Pietà by Richard Blackford – world premiere at Poole Lighthouse

Pietà by Richard Blackford

Jennifer Johnston, mezzo-sopranno

Stephen Gadd, baritone

Amy Dickson, saxophone

with Bournemouth Symphony Chorus, Bournemouth Symphony Youth Chorus, Bournemouth Symphony Orchestra, conducted by Gavin Carr


The Stabat Mater, a Medieval hymn which portrays Mary’s suffering as Christ’s mother during his Crucifixion, has been set to music by numerous composers, most notably Pergolesi, Schubert, Dvořák, Pärt and Macmillan. In this new setting, Pietà, a co-commission from the Bournemouth Symphony Chorus and St. Albans Choral Society, British composer Richard Blackford interweaves the text of the Stabat Mater with poems from the ‘Requiem’ cycle by Anna Akhmatova, whose husband was taken away and ‘disappeared’ by Stalin’s KGB; her son was also arrested and she feared she would never see him again. In our troubled, turbulent times, contemporary Pietàs are tragically all too familiar – refugee parents desperately cradling babies and children, mourning mothers in war-torn towns and cities, the anger and grief of victims of tragedies like the Manchester Arena terrorist attack or the Grenfell Tower fire…. Through the settings of Akhmatova’s poetry, Blackford makes the Stabat Mater a universal reflection on grief and loss – and the attendant rage, pain and incomprehension.

Blackford chose the title after seeing Michelangelo’s marble Pietà in Rome, and like the sculpture, his new work encompasses grief, rage and sorrow with tenderness, poignancy and, ultimately, beauty and hope. The work is scored for string orchestra, chorus, children’s choir, mezzo-soprano, baritone and solo saxophone. While the chorus and soloists present the main narrative, the pain and grief of Mary and Anna Ahkmatova, the saxophone provides a third, abstract voice, the voice of every grieving mother.

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Michelangelo’s Pietà (St. Peter’s Basilica, Vatican City, Rome)

Pietà was preceded in the first half by Faure’s Requiem which was given a meditative, other-worldly performance by the excellent BSO Chorus under Gavin Carr, with soloists Issie Curchin and Stephen Gadd. This provided a wonderful foil to Blackford’s music, which is intellectual and sophisticated, yet accessible in its use of carefully-crafted melody and counterpoint. Rooted in tonality and modality, Pietà is characterised by rhythmic dynamism, breadth of expression and lush textures, redolent of Janácek. The use of a children’s choir (in the fifth movement of the work) is a nod to another of Blackford’s main influences – Benjamin Britten – and provides an episode of innocence and sweetness in this grief-scorched narrative.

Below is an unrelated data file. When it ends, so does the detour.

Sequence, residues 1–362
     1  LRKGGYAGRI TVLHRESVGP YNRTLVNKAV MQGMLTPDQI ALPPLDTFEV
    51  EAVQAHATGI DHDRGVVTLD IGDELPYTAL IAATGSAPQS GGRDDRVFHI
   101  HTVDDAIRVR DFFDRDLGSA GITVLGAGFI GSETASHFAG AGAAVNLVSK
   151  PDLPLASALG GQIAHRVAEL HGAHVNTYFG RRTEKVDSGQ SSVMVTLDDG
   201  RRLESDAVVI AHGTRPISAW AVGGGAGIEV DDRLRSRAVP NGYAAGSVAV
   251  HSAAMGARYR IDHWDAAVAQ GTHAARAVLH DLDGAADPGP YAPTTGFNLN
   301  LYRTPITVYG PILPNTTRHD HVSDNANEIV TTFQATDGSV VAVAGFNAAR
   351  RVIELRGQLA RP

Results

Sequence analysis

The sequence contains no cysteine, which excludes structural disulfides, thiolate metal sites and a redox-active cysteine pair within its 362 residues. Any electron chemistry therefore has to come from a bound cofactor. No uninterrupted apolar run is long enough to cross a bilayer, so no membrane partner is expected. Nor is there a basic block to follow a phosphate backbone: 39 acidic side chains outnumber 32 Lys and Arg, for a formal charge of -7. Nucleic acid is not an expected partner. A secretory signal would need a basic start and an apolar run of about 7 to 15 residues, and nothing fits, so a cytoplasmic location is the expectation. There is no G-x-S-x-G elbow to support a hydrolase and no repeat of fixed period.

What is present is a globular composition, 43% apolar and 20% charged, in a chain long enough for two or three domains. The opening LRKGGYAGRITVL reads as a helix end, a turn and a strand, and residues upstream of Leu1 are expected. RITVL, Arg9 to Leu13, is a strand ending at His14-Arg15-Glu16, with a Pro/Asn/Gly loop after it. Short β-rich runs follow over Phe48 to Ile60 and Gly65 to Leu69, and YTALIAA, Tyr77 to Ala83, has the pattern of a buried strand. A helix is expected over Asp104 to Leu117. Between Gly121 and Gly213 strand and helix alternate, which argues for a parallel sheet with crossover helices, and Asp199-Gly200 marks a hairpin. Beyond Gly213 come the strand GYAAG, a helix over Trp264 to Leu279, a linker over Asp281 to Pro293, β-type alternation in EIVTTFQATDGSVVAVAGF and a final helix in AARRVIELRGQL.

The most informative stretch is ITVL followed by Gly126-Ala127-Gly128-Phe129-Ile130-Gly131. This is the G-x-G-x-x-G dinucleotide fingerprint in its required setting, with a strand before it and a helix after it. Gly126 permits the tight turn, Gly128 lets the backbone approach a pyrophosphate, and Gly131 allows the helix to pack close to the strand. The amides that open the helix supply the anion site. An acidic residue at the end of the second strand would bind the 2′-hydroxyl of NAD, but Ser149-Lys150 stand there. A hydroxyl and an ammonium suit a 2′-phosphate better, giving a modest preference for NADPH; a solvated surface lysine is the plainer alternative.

With powerful, operatic singing by mezzo Jennifer Johnston and baritone Stephen Gadd, a fine, emotionally engaging performance by the BSO and BSO Chorus (whose intonation, timing and precision was impressive), the entire work has a filmic visual quality with its clear narrative and highly descriptive scoring – tumultuous strings, passionate dramatic climaxes, ‘snapping’ pizzicato in the cellos (to represent Christ’s flagellation), jagged syncopated rhythms, an acapella movement of intense concentration and beauty. Organised in three parts, Pietà moves from grief and rage to redemption and hope via nine distinct movements. The obligato saxophone, eloquently played by Amy Dickson, provides a unifying link between the movements, initially haunting, mournful and timeless, evocative of an ancient shawm, and later calm and tender as the music moves towards its hopeful, redemptive close. Blackford chose the soprano saxophone to create “a modern inistrumental dimension, very close to the sound of the human voice”.

This arresting, emotionally-intense and accessible work for choir and orchestra receives its London premiere at Cadogan Hall on 19th October. A recording on the Nimbus Label is expected very soon.


Meet the Artist interview with Richard Blackford

 

EAST MEETS EAST END: A NEW DIVAN AT WILTON’S MUSIC HALL

Wilton’s Music Hall in London’s Whitechapel, where Jack the Ripper lurked and where on Cable St Mosley’s Blackshirts were given many bloody noses by what you might now call the Antifa, but which in 1936 probably looked more like a good old-fashioned East End mob, is one of those astonishing East End survivors of Blitz and redevelopment; an entrancing and wonderfully looked-after love-letter to the days of Dan Leno and Marie Lloyd. It has been a background artiste in so many movies that it has literally added them to its fabric: its downstairs bar is built out of leftover props from Sherlock Holmes: Game of Shadows. On the 20th June this year it was the setting for Toward A New Divan, A Celebration of East and West through Music and Poetry.